Earth Tech starts work on $4.2 million extension to Australia's Virginia Pipeline Scheme
Earth Tech has begun a Virginia Pipeline extension to deliver three billion liters more a year of Class A recycled water to an area in Australia's Northern Adelaide Plains. Managed by SA Water and funded by the South Australian government and Australian Water Fund under the Water Smart Australia program, Earth Tech will design and build a new 20-km pipeline network to deliver recycled water to existing horticulturists and market gardeners at Angle Vale and open up new land for irrigation...
LONG BEACH, CA, Nov. 15, 2007 -- Earth Tech Inc., a global provider of consulting, engineering, construction and operations services, has begun work with SA Water on a US$4.2 million (AU$4.7 million) extension of the Virginia Pipeline Scheme to deliver an additional three billion litres a year of Class A recycled water to Angle Vale area in the Northern Adelaide Plains in Australia.
The project is being managed by SA Water and funded by the South Australian government and the Australian Government Water Fund under the Water Smart Australia program.
Earth Tech will design and build a new 20-kilometre pipeline network to deliver recycled water to existing horticulturists and market gardeners at Angle Vale and open up new land for irrigation. The extension will be completed by September 2008, in time for the 2008-09 irrigation season.
Peter Everist, Earth Tech Group general manager, said the Virginia Pipeline Scheme continues to lead the way in Australia for sustainable water management and has established South Australia as an Australian and world leader in water recycling.
"Sustainable water use is one of the greatest challenges facing communities in Australia and around the world," Everist said. "After 11 years of continuous drought, it is certainly a major concern for Australian farmers."
Earth Tech currently supplies about 40% of Australia's Class A recycled water and is the country's largest supplier of recycled water for farming. The company operates over 200km of pipeline networks that supply recycled water directly to more than 360 customers, mainly for food production, recreational facilities and residential uses such as toilet flushing and garden watering.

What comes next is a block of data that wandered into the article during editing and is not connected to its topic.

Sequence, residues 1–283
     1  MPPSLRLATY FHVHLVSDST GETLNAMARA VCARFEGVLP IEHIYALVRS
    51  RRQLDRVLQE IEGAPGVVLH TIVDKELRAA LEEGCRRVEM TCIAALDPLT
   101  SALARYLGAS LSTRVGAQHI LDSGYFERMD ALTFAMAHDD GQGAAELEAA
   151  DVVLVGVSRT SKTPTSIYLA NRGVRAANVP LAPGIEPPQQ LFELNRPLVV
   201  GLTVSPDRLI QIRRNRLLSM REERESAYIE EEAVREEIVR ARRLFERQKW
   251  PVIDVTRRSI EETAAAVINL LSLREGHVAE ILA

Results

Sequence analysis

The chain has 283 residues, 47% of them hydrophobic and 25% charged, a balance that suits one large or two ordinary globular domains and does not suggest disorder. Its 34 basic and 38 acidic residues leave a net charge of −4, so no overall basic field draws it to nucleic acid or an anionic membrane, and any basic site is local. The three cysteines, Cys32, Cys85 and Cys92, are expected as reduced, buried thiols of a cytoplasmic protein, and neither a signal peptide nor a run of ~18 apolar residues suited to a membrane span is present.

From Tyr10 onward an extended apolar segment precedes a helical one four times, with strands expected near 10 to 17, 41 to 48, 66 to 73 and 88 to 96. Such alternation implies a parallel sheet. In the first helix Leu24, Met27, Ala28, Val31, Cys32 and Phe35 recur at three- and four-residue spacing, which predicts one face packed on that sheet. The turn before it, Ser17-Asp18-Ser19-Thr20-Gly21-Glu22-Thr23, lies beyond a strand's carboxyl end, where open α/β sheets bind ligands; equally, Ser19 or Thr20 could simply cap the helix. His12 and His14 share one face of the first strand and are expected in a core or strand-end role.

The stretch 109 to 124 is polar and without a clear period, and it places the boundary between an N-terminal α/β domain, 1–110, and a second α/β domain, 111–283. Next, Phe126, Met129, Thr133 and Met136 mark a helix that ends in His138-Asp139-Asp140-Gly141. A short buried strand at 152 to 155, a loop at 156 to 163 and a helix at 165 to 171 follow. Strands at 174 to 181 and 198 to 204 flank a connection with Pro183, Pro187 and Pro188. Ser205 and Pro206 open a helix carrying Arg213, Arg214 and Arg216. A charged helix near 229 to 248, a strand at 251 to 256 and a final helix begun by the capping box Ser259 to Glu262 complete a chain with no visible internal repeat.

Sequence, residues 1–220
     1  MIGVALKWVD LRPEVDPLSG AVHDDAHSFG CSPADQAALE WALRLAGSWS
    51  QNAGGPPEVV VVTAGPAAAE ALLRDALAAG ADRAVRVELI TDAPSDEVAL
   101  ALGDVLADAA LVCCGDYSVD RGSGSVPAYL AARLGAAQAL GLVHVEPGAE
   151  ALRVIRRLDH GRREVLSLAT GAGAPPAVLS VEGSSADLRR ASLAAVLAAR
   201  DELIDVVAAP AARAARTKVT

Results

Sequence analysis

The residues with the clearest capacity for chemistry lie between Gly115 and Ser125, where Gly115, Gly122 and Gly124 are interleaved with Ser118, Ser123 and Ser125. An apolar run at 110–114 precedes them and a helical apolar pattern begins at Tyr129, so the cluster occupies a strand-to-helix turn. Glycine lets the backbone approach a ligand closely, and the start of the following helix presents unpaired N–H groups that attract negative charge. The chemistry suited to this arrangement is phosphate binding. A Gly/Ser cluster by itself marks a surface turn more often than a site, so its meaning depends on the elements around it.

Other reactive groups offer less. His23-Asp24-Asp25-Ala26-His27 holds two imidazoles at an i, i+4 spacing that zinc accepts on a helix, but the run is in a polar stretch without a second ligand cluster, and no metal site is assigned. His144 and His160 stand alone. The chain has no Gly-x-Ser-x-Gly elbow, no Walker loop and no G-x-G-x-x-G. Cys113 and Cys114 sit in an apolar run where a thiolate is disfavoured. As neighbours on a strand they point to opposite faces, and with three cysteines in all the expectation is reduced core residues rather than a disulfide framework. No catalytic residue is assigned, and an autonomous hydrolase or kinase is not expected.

Angle Vale grower, Pat Virgara, said that the last two seasons were the worst drought on record and had put his business under considerable pressure.
"Once this recycled water comes on board, it'll 'drought proof' us to a certain extent and give us the buffer we need to keep the business viable. It couldn't have come at a better time," Virgara said.
The Virginia Pipeline Scheme is operated by Earth Tech and currently supplies 15 billion litres a year of Class A recycled water. It was Australia's first major water recycling project and remains one of the world's largest and longest running high quality water recycling schemes.
One of Earth Tech's other recycled water projects, the Eastern Irrigation Scheme in Melbourne, also features Australia's largest membrane ultrafiltration recycled water treatment plant. It received a Project Innovation Award from the International Water Association in 2006.
Earth Tech Inc. (www.earthtech.com) is a global provider of a full suite of engineering, construction and operations services to the international water/wastewater, environmental, transportation, and facilities markets. A business unit of Tyco International Ltd., Earth Tech employs some 7,000 talented people, delivering services to customers in 15 countries. Founded in 1970, Earth Tech is headquartered in Long Beach, CA.
Tyco International (www.tyco.com) is a diversified, global company that provides vital products and services to customers in more than 60 countries. Tyco is a leading provider of security products and services, fire protection and detection products and services, valves and controls, and other industrial products. Tyco completed the spin-off of its healthcare and electronics businesses on June 29, 2007, and today has annual revenue of more than $18 billion and 115,000 employees.